Mariane Quintão shares her personal story of detention as a child
I´m writing this blog to share my experience and show you what numbers can´t tell.
I would like to take you through a story that only I truly know about.
In August of 2004, my sister and I were taken to the United States to be reunited with our parents who had been living there for a couple years already.
For nearly an entire year, we went through a difficult process of adaptation, trying to make new friends and learn a language that we had never heard of.
As the years went by, we started to forget about the things we had lived back in Brazil and started to develop a passion for the different community, culture and traditions of North America. We lived as if we were Americans, and we felt as if we were Americans.
“No matter the amount of years that pass after such an experience, it never goes away. It is always behind my back”
Then one day ICE found me, and I did not have the proper identification.
I ended up at Miami´s Homeland Security where I was told “your home is not in the US.”
I spent a full day detained there and a night at Miami´s airport. On the next day, I was transferred to a New York Detention Center for Minors where I was held for a month, until I was released to my father.
The experience of detention led me to a depression I seemed to never overcome.
Being away from my family, school, friends and what the officers would say to me – no matter the amount of years that pass after such an experience, it never goes away. It is always behind my back.
I decided to voluntarily move back to Brazil where I was given the opportunity to share my story at an annual Day of General discussion at the Committee on the Rights of the Child, coordinated by the Global Campaign to End Immigration Detention of Children.
“The thing about detention that numbers can´t tell is that children who go through it feel the consequences such as depression, trauma and many other impacts it may cause”
In the event, as a Hear Our Voices participant, I met many other youth who had gone through a similar or even sadder experience than my own.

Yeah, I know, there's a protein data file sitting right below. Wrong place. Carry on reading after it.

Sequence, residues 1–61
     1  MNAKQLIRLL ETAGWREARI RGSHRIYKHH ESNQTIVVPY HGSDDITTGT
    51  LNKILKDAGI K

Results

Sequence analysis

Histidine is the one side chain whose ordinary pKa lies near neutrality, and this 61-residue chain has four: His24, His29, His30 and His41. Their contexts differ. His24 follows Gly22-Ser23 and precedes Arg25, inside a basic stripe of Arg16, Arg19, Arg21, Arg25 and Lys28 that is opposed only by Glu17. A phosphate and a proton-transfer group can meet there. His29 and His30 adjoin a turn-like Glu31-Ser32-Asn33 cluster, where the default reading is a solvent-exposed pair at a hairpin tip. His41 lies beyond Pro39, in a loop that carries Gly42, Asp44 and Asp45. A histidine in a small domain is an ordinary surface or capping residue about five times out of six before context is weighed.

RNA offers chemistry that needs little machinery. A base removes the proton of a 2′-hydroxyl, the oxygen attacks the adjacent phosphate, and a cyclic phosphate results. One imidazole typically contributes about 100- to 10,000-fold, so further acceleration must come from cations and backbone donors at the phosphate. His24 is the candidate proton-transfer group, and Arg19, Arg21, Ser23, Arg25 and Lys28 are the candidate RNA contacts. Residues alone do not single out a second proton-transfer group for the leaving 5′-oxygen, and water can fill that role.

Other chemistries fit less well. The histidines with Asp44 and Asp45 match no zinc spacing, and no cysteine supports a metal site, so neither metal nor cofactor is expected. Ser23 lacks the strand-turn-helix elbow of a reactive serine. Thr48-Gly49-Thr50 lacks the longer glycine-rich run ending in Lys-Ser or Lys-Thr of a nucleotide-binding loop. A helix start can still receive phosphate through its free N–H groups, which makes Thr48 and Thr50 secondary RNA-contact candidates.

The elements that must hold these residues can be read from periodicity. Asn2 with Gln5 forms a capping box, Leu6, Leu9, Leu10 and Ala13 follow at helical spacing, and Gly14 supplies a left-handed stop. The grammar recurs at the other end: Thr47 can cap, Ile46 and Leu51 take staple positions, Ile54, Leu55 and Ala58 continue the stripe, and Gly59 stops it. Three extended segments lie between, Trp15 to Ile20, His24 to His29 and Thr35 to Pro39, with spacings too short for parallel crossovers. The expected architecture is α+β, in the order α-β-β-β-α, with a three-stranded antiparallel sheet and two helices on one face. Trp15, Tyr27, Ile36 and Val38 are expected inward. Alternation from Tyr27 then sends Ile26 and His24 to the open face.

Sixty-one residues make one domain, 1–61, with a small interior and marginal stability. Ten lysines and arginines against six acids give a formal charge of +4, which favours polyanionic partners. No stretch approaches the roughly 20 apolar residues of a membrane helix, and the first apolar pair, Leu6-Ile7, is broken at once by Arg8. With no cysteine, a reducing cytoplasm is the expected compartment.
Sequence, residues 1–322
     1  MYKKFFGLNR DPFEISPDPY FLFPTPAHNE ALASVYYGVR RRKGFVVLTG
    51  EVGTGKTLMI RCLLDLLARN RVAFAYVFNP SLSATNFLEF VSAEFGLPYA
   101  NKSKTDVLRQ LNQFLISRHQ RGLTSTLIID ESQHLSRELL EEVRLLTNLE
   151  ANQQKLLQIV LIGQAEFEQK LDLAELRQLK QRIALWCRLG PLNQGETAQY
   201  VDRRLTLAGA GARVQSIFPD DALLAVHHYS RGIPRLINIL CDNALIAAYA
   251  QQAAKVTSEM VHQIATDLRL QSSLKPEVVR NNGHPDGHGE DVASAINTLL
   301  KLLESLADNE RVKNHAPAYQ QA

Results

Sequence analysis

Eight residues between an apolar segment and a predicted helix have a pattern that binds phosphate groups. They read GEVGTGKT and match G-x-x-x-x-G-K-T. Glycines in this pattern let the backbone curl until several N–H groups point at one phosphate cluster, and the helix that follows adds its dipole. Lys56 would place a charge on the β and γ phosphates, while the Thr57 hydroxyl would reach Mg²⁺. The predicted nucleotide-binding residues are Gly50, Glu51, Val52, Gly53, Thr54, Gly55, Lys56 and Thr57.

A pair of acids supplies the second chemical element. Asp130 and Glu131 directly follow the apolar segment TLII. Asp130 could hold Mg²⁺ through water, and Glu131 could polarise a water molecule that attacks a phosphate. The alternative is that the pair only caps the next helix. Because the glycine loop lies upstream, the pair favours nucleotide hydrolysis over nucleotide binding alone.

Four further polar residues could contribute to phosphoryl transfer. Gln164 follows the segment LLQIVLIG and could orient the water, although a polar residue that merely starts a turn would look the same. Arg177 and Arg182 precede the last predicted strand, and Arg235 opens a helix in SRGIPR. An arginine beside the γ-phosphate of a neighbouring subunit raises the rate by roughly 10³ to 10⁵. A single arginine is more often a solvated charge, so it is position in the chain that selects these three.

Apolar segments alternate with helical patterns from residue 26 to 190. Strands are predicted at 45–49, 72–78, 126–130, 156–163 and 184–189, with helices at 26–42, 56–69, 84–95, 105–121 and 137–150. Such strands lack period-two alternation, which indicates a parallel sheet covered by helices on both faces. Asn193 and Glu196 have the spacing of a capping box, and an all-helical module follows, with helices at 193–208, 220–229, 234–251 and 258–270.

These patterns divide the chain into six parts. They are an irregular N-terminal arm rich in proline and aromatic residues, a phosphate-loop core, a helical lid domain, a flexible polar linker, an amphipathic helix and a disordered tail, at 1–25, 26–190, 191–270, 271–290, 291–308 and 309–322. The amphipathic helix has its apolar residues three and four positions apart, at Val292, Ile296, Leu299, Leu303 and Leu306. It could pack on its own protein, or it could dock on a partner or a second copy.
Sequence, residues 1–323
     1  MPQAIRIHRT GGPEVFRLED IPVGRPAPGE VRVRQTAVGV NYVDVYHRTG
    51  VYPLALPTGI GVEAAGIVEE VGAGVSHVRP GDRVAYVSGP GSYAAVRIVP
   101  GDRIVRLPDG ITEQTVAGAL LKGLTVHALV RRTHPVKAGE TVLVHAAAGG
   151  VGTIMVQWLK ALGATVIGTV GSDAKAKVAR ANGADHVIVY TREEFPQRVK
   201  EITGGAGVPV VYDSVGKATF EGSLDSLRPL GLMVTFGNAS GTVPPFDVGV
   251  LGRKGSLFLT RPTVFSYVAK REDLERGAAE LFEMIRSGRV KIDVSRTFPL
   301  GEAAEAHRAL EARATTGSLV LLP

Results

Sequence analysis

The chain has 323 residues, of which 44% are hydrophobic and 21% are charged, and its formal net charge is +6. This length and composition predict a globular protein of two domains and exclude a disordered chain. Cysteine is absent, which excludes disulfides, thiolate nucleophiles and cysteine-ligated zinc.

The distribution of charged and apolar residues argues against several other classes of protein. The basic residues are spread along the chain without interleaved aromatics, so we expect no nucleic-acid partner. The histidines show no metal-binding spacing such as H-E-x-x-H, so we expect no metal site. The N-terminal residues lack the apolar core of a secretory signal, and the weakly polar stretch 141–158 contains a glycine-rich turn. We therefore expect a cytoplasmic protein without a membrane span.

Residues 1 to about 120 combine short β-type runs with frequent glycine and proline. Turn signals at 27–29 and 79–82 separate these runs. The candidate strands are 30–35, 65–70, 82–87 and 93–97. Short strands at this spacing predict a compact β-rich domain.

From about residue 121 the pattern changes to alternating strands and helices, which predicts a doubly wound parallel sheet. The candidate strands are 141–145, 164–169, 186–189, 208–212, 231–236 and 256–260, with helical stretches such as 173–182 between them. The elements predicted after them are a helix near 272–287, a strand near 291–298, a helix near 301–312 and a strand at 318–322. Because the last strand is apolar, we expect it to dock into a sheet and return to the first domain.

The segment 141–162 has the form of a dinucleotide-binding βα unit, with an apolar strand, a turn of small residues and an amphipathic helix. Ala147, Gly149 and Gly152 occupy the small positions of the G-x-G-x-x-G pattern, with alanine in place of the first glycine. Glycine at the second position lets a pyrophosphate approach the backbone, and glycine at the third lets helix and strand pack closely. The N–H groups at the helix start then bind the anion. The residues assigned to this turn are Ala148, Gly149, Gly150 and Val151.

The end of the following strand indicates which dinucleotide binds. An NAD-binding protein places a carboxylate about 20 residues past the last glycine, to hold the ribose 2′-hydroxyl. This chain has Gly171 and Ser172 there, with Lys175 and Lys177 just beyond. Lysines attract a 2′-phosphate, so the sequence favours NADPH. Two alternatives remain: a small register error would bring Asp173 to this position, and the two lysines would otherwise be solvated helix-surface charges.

A friend of mine had lost his entire family in Afghanistan during war and ended up detained after seeking for freedom and education in a better country.
I also met a youth who was found undocumented at the border of Australia when he was a child and he ended up detained for six years. Yes, he was locked up away from his family, friends, good education and opportunities for six years.
The thing about detention that numbers can´t tell is that children who go through it feel the consequences such as depression, trauma and many other impacts it may cause.
Many children are no longer known by their names because they´re given a number. Children should be called by their names, not numbers!
I’m passionate about this topic, and I’ve made it the topic of my thesis as I finish my studies in International Relations in Brazil.
I want to prove with my thesis that no matter the circumstances, all minors should be treated equally, with equal rights to family, access to education, food and well-being. Children are fragile individuals and they must be taken care of with dignity and respect.
If you are concerned about the situation of children in detention, join the campaign and sign the petition to End Immigration Detention of Children.
Mariane Quintão is an International Relations student in Brazil, currently working on her thesis about Immigration Detention of Children in the USA and Australia. You can see Mariane performing in ‘Hear Our Voices’ an initiative of the Global Campaign to End Child Detention here.